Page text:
ATHENS — Before a passenger and freight train collided explosively Tuesday — resulting in Greece’s deadliest-ever rail crash, killing at least 43 — the two trains had been on the same tracks for 12 minutes, according to new accounts given to Greek media.
Neither technology nor man intervened to avert a disaster.
As emergency workers continued Thursday to pick through the charred forward-most carriages, many Greeks were already turning their focus to the causes of the disaster, and to a rail system that had long been in worrisome shape.
Though the crash had elements of human error — with a station manager arrested for negligence — various officials, as well as a rail union, also connected the incident to a broader set of rail infrastructure problems plaguing a country that still bears the bruises of last decade’s financial crisis.
Greece’s transport minister, who resigned immediately after the crash, said that the country’s rail system “doesn’t befit the 21st century.” A national federation of railway employees on Thursday held a daylong strike, citing unmet needs for “hiring permanent personnel, better training and, above all, modern safety technology.” Those proposals, the union said, had always ended up “in the trash can.”
Prime Minister Kyriakos Mitsotakis said an independent panel would investigate the causes of the accident and its purview would include looking at the “perennial delays” of rail projects.
Some of the initial scrutiny centers on the lacking technological safety features of Greece’s rail lines. The Kathimerini newspaper, a major Greek daily, reported that an electronic signaling system — a common safety feature across Europe — had been installed but was not functioning, either because of damage or sabotage, and that efforts to restore the system were long-delayed.
In a report last year on rail safety, the European Union said that so-called “train protection systems” are “widely considered one of the most effective railway safety measures for reducing the risk of collisions between trains.” In countries like Italy and Germany, nearly all tracks have such a system in place. Greece was the only European Union country, the report said, that was entirely without such a safeguard.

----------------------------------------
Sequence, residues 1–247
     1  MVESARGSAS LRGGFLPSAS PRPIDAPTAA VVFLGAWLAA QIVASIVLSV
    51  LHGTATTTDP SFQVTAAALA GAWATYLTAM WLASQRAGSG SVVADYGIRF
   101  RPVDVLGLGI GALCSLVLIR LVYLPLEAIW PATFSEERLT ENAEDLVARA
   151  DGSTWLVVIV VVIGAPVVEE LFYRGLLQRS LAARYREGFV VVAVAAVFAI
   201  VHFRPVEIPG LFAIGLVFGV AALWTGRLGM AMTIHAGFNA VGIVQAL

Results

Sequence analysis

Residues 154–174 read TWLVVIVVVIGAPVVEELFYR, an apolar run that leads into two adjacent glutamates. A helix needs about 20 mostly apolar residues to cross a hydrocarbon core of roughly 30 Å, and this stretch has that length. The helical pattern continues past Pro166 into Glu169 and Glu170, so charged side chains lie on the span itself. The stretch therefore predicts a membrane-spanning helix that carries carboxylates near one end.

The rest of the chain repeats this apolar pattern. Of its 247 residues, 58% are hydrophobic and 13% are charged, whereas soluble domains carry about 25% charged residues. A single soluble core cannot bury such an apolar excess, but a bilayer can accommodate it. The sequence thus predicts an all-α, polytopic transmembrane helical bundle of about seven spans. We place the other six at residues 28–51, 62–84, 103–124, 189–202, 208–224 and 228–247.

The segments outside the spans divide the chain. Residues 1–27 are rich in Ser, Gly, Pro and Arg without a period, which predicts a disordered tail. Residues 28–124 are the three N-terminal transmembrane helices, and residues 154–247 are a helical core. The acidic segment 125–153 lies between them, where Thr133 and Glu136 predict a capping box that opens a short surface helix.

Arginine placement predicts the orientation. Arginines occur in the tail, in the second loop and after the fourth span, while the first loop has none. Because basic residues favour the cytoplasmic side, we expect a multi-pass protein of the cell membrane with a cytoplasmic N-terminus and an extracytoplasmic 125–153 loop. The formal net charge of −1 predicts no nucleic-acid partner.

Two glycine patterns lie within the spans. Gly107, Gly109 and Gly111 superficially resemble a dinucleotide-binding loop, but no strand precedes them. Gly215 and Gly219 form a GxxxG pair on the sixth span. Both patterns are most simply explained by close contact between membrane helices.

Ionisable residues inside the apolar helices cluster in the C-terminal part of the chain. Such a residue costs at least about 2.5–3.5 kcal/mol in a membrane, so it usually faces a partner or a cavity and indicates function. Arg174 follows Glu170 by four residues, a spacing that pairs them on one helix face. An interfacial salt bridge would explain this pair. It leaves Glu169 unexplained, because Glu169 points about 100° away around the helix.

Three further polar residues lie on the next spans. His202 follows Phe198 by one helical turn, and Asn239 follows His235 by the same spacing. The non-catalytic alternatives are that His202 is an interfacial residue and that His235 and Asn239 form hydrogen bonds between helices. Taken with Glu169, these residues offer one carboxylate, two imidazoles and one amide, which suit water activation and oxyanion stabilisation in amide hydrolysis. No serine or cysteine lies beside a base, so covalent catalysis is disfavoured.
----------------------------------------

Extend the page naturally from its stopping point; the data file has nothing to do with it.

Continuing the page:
Konstantinos Genidounias, the president of the Association of Greek Train Drivers, told state broadcaster ERT that “nothing works,” including a central monitoring system.
“The light signals don’t work nor does the traffic control system,” he said. “If these worked the drivers would see the red light and the trains would have stopped safely, 500 to 1,000 meters from each other.”
“We have asked. Complained. Nothing works.”
“Everything is dependent on the human factor” as a result, he said. “We are on manual.”
The passenger train, with roughly 350 people on board, had been making the trip from Athens to Thessaloniki, Greece’s second-largest city, when it collided with the freight train. Many on board were young people who’d been celebrating the raucous carnival holiday, held at last after three years of pandemic interruptions.
Greece’s infrastructure issues predate its financial crisis, when the country required bailout loans from international and European creditors. But the problems intensified during that period in tandem with harsh austerity measures. The consulting firm PwC, in a report on Greece’s infrastructure, said that between 2009 to 2019, Greece ranked lowest among E.U. countries in the percentage of its GDP spent on infrastructure, “undermining” its quality.
Greece was also forced to sell off assets as a way to recapitalize its banks, resulting in a wave of privatizations. Greece in 2017 sold its rail company to Italy’s state railways Ferrovie dello Stato for 45 million euros ($48 million).